In NSW, some mosquitoes transmit viruses such as Japanese encephalitisRoss RiverBarmah Forest, Kunjin and Murray Valley encephalitis. It is highly recommended to take preventive measures to avoid being bitten.

Here are some ways to avoid mosquito bites:

1. Wear appropriate clothing
Wear loose and light-coloured clothing with long sleeves and pants when outside. You should also wear socks and shoes whenever possible. Clothing pre-treated with insecticides can provide additional protection. However, it is important to remember that repellent must still be applied to exposed skin.

2. Apply mosquito repellent to all areas of exposed skin
Use mosquito repellent with DEET, picaridin, or OLE on exposed skin after sunscreen. Avoid eyes, mouth, open wounds, or broken skin. Reapply after swimming or sweating. Check the product labels for age and other recommendations. 

3. Avoid peak risk times
In NSW, mosquitoes are most active at dawn and dusk, and into the evening. Avoid being outdoors during these times or wear protective clothing and use mosquito repellent. When travelling overseas, be aware of the local mosquitoes that can transmit diseases. 

4. Reduce mosquito risk at home
To reduce the risk of mosquitoes breeding around your home follow these tips:

  • use insecticide sprays
  • install fly screens
  • clean your backyard clean
  • keep your lawns mowed
  • flush and wipe out water containers
  • fill pot plant bases with sand
  • store anything that can hold water indoors, if possible
  • flush out water-holding plants
  • keep drains and roof guttering clear. 
Properly cleaned and chlorinated swimming pools are rarely a mosquito breeding source, but neglected pools can be a haven for mosquitoes.

Aerosol insecticide sprays, mosquito coils (which are used outdoors), and insecticide vapour dispensing units (which are used indoors) can help to clear or repel mosquitoes. These products are not a substitute for other measures such as wearing appropriate clothing and applying mosquito repellents, but they can be used in addition to them. Devices that use light to attract and electrocute insects have not been proven to be effective in reducing mosquito populations and also tend to kill harmless insects. Use mosquito nets for infants when sleeping.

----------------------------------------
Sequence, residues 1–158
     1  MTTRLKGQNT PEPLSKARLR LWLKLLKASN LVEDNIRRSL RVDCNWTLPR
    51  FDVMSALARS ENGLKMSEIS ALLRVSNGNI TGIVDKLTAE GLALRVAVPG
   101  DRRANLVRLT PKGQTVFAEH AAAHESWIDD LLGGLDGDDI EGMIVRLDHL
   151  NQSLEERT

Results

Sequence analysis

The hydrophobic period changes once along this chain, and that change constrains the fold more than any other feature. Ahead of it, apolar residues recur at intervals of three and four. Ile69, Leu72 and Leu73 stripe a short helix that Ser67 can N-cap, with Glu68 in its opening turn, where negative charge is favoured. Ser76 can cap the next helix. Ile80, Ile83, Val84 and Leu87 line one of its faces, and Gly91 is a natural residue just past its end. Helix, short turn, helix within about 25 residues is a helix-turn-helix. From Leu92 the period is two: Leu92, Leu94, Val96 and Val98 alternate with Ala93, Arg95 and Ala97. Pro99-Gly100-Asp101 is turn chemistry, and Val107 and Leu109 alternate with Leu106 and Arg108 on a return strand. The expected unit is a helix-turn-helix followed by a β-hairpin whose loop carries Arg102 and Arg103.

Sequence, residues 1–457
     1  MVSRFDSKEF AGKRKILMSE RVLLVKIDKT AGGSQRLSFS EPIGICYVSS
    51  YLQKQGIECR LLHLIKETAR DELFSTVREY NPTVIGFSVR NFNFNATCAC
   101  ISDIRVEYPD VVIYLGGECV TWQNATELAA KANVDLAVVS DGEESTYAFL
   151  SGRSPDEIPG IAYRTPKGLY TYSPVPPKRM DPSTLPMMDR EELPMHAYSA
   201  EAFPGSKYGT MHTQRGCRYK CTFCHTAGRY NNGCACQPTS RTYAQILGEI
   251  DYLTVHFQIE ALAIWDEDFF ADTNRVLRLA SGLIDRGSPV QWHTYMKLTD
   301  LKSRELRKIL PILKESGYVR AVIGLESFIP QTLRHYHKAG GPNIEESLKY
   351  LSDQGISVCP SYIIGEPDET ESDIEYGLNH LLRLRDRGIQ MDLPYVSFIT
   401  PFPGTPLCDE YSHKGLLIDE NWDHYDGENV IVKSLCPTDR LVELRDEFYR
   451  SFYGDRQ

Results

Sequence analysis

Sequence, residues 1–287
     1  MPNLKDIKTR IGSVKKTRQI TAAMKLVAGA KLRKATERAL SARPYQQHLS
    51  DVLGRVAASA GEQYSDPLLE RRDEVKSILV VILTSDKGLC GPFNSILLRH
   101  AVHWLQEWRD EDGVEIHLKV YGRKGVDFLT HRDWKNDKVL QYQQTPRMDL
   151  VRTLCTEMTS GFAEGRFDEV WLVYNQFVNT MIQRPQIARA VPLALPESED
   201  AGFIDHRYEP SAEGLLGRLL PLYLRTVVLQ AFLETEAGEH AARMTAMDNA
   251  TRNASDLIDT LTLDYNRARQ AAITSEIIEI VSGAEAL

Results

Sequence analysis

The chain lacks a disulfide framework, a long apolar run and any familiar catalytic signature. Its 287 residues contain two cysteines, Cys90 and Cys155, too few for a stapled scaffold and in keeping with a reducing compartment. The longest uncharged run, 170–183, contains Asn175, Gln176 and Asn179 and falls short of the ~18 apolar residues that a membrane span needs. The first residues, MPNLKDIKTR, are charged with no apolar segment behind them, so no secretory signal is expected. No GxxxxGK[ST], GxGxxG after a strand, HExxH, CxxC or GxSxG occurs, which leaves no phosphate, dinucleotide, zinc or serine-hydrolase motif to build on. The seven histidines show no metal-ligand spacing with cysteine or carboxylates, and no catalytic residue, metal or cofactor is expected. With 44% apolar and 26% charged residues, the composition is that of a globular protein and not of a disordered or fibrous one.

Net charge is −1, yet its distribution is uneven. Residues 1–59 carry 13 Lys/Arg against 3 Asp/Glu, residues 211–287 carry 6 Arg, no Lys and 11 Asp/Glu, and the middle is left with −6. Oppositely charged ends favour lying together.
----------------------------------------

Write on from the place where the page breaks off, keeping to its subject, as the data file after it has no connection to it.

5. Reduce mosquito risk around the farm
If you live on a farm, we suggest you take extra precautions to reduce opportunities for mosquitoes to breed such as:

  • keeping dams and ground pools free of vegetation
  • checking dam walls and irrigation bays for leaks
  • being careful not to over-irrigate to avoid water collecting in low-lying areas for long periods
  • not allowing irrigation water to flow into and lie undisturbed in roadside table drains.

Taking care of mosquito bites

  • Most mosquito bites can be managed by washing the bite area with soap and water or by applying ice packs to reduce pain and swelling. Antihistamine creams may also relieve itching. Make sure you follow the directions on the product label
  • Avoid scratching the bite as it can break the skin and lead to a wound and/or infection. Symptoms of an infected bite include swelling, pain, redness and inflammation. If you think a bite is infected, visit a pharmacy for advice
  • If after a mosquito bite, you develop a rash, flu-like symptoms such as fever, chills, headaches, joint or muscle pains (swelling or stiffness), fatigue, or you generally feel unwell, contact a doctor right away, or visit your nearest emergency department.

Further resources